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#101 Storygirl

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Posted 24 May 2017 - 10:11 PM

:grouphug:  It can take some time to sink in. I remember feeling kind of stunned after DS's evaluation report. We were told that it is helpful to have ADHD meds in the system for testing, too. I'm surprised she couldn't run the CTOPP; it's good you have somewhere else to go for that, because it should give you helpful information.



#102 Storygirl

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Posted 24 May 2017 - 10:22 PM

Ballet can be great for kids with ADHD, or it can be frustrating. It really depends upon the teacher, so it would be good to talk to the studio to see how they address attention issues. Real ballet training does not start until age 8 -- before that it is pre-ballet, or creative movement. So she could wait a few years and not be behind. Or she could start in pre-ballet classes and (hopefully) be in a fun class that does not yet require the students to be so perfect.

 

I don't mean perfectly behaved, but having perfect control over what their body is doing. Ballet really is a mental exercise as much as a physical one, so it can be great training for developing attention.

 

It also relies very heavily on working memory, because dancers have to remember the combination of movements, as well as how to execute them. Often kids with ADHD also have lower working memory. DD11 (dyslexic and ADHD) took dance for quite a few years, and she had some trouble remembering what to do. I also think she had some difficulty with knowing left and right at that age.

 

Dance studios follow the school year schedule, so they will be starting classes in September, usually. You may be able to find a summer ballet camp at a studio for her to go to, to see if she might like it as much as she thinks. That can also give you a sense about whether the studio will be willing to work with her.



#103 Southern Ivy

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Posted 25 May 2017 - 06:42 AM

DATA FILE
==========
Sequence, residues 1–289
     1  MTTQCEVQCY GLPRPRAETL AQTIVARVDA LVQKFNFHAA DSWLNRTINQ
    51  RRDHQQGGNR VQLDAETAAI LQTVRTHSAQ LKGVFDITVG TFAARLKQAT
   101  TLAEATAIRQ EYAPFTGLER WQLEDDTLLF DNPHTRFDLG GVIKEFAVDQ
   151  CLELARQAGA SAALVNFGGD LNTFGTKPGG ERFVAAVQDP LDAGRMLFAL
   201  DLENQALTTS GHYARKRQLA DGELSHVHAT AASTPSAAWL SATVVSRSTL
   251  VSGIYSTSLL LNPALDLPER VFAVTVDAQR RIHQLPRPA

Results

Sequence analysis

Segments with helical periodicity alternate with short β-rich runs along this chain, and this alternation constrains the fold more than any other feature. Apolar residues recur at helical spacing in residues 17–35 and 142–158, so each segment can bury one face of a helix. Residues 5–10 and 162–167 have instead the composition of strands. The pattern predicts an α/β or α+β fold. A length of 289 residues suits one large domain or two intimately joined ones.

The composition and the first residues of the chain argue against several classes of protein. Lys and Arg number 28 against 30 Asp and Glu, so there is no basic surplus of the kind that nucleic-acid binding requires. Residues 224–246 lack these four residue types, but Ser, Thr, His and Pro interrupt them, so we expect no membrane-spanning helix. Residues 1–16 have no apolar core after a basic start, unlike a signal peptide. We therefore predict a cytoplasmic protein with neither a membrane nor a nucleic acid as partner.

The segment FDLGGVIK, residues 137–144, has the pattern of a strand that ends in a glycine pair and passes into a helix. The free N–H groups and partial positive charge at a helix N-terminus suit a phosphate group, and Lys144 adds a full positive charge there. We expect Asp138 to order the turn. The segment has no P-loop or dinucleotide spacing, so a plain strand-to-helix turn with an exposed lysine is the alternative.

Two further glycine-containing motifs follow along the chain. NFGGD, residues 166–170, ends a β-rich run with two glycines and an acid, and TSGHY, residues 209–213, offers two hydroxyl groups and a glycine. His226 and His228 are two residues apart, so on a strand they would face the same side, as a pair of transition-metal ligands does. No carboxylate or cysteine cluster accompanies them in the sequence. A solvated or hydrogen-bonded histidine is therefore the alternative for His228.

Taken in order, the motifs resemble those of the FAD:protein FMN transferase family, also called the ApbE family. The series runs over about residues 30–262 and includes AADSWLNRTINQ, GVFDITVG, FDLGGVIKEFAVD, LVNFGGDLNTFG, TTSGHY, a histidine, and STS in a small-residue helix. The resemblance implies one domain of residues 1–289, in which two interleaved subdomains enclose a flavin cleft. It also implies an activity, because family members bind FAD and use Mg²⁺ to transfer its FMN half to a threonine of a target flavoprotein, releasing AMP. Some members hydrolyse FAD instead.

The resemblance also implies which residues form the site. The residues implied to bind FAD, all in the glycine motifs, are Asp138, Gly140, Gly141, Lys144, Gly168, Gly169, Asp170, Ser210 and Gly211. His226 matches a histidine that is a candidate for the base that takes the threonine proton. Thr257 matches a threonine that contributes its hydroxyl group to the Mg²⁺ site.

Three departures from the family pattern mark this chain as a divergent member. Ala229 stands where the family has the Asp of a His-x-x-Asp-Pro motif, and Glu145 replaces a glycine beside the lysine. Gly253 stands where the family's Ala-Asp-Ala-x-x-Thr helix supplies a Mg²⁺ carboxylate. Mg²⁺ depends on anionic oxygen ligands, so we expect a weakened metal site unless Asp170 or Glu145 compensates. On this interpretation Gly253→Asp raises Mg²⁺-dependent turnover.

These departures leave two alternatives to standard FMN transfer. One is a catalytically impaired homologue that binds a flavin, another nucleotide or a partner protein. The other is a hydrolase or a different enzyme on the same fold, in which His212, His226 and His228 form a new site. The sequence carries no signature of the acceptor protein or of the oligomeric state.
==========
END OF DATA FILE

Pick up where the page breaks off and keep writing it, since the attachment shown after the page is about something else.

Ballet can be great for kids with ADHD, or it can be frustrating. It really depends upon the teacher, so it would be good to talk to the studio to see how they address attention issues. Real ballet training does not start until age 8 -- before that it is pre-ballet, or creative movement. So she could wait a few years and not be behind. Or she could start in pre-ballet classes and (hopefully) be in a fun class that does not yet require the students to be so perfect.

 

I don't mean perfectly behaved, but having perfect control over what their body is doing. Ballet really is a mental exercise as much as a physical one, so it can be great training for developing attention.

 

It also relies very heavily on working memory, because dancers have to remember the combination of movements, as well as how to execute them. Often kids with ADHD also have lower working memory. DD11 (dyslexic and ADHD) took dance for quite a few years, and she had some trouble remembering what to do. I also think she had some difficulty with knowing left and right at that age.

 

Dance studios follow the school year schedule, so they will be starting classes in September, usually. You may be able to find a summer ballet camp at a studio for her to go to, to see if she might like it as much as she thinks. That can also give you a sense about whether the studio will be willing to work with her.


Thank you! This is good information to pass along to DH. He's very facts oriented. So, this will help him feel like it's not just "mom wants her in this to look cute."